“…Eritrean youth in the diaspora are a divided community. For those that support the GSE, their unwavering dedication likely stems from their isolation as a minority in another country and from the ever-present hand of the Young People´s Front for Democracy and Justice (YPFDJ) to enforce a “proudly Eritrean” identity. The YPFDJ bills itself as a movement to build “strong, conscious, and patriotic Eritrean youth.” The sub-goal is to strengthen support abroad for the PFDJ and the GSE… Social networking sites abound with YPFDJ groups (37 groups on Facebook and a newly formed Twitter account as of October). Although many YPFDJ gatherings are merely cultural exhibitions or parties, the youth involved are indoctrinated early on in pro-GSE propaganda, thus further fueling many diaspora youth´s overt infatuation with Eritrea and vehement defense of the GSE…”
Obviously the good Ambassador was not losing sleep over YPFDJ cultural exhibitions and parties, but like the others who want to undermine the movement and the caliber of its members, underestimates the importance of the values and principles- national unity, active public participation, the human element, linkage between national and social struggles, self-reliance, and the strong relationship between the people and the leadership, which are producing miracles in Eritrea today.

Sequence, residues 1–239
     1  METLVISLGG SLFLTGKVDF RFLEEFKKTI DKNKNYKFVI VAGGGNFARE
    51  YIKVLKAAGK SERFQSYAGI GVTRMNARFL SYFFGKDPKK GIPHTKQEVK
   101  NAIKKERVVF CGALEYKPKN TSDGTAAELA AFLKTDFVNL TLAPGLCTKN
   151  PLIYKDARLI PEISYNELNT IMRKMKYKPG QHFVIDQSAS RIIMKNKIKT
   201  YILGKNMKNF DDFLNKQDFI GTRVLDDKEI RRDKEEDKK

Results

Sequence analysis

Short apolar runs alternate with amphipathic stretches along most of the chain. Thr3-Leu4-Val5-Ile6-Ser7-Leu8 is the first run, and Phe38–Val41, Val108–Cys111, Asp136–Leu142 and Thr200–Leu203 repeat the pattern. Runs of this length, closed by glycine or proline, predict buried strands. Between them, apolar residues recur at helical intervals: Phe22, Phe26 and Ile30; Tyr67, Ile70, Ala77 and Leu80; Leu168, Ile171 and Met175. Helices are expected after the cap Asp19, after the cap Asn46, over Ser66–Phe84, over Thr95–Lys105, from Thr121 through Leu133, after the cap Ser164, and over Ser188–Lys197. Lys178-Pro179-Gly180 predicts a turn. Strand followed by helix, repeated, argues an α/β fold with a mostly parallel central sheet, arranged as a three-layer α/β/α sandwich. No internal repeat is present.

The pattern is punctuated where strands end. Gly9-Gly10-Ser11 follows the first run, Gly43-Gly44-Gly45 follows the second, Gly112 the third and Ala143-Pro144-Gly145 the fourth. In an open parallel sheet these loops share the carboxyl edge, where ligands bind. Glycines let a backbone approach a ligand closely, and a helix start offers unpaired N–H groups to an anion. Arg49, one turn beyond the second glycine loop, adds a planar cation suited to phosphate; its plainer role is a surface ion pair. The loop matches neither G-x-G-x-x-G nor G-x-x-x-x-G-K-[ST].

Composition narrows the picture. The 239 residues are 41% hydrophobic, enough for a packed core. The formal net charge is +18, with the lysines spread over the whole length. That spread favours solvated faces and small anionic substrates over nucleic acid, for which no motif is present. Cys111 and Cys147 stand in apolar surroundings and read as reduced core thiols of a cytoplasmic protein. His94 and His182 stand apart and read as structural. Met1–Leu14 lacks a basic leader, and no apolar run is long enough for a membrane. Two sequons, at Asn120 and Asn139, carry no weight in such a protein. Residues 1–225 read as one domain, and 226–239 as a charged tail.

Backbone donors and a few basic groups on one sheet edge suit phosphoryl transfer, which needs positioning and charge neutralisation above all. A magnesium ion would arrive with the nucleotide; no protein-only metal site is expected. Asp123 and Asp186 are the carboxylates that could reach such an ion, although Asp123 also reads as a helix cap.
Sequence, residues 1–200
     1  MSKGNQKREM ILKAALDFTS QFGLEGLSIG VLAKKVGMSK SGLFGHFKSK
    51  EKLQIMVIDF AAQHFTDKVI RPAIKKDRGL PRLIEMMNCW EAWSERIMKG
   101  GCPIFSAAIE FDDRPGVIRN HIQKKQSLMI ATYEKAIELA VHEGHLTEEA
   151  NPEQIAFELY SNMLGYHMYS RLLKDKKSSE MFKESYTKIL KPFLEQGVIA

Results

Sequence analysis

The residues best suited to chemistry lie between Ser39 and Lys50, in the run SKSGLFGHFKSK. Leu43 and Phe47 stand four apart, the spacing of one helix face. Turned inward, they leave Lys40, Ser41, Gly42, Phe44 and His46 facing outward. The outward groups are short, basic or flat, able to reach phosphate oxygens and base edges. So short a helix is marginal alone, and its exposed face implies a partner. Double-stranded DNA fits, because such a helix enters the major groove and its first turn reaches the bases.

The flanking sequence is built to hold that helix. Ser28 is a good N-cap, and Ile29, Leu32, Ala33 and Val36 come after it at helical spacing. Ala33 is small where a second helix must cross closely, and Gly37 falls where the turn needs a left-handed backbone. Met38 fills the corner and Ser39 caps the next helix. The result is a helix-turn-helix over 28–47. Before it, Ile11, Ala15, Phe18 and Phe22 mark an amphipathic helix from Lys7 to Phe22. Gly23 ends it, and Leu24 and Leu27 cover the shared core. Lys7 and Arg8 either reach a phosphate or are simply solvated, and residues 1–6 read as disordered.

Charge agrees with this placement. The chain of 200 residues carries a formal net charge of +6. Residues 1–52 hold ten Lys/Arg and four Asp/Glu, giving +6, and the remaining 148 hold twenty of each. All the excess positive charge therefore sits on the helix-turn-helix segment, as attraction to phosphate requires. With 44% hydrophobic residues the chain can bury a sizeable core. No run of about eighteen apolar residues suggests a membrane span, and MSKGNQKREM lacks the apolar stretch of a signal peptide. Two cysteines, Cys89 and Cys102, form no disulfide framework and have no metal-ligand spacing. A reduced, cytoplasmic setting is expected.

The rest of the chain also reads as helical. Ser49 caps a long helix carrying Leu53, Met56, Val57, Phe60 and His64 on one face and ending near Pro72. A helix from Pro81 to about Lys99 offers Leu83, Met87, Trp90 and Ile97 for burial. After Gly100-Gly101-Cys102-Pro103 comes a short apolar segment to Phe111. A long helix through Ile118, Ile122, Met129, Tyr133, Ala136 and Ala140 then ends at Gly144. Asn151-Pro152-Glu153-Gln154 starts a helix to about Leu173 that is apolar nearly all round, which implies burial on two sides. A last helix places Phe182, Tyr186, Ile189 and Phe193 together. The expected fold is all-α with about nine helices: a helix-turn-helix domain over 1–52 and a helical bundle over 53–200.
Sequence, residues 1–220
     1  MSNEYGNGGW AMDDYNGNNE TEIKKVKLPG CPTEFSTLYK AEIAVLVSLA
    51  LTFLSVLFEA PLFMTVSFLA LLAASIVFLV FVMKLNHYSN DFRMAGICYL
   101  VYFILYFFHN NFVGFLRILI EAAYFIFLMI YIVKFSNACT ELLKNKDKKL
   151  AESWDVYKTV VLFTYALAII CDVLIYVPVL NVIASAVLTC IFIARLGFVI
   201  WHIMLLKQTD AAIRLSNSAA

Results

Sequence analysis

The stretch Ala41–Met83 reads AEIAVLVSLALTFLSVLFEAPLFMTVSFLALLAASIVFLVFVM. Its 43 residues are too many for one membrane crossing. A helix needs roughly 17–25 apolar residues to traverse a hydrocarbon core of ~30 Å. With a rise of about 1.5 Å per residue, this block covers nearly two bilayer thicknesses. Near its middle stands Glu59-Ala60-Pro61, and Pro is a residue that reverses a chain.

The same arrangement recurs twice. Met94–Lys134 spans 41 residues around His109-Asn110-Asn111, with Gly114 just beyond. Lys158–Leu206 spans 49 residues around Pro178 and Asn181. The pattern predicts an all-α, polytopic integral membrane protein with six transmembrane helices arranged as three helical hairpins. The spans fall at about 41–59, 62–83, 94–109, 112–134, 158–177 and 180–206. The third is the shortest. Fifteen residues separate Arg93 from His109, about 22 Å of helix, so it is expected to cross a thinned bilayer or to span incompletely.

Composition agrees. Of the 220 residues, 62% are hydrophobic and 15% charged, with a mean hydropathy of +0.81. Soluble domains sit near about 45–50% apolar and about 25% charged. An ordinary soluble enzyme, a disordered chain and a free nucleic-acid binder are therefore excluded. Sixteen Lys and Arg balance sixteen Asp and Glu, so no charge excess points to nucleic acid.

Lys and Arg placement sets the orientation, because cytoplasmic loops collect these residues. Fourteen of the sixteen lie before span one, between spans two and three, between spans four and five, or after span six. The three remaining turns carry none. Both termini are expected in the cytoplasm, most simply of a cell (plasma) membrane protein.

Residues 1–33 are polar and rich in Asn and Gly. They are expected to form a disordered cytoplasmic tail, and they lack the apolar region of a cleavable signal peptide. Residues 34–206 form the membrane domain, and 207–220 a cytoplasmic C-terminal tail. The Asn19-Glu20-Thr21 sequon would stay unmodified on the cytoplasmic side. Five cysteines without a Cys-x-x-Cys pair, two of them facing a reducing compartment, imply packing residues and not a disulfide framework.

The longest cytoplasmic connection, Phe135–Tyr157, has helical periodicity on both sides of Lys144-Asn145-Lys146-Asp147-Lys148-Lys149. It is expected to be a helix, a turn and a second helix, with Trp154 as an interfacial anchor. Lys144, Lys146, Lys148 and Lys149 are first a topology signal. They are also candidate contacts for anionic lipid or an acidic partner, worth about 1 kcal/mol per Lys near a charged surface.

Eritrean unity remains at the heart of Eritrea’s peace and political stability, economic development and exemplary harmonious culture of ethnic and religious tolerance and respect. The peoples unity being the first and foremost prerequisite for a peaceful and prosperous country, strengthening it has been one of the fundamental themes during the struggle for Eritrea’s independence and remains central today in Eritrea’s nation building strategy. The Government of Eritrea has instituted policies to strengthen the unity of the people through education and culture. Unfortunately, as with all other programs and policies in Eritrea, no stones have been left unturned in order to disrupt the unity of the Eritrean people. Much time and resources has been spent to create a divide between the people and government and also within the population along religious and ethnic lines. Eritrea’s religious institutions have been attacked by both Christian and Islamic fundamentalists alike.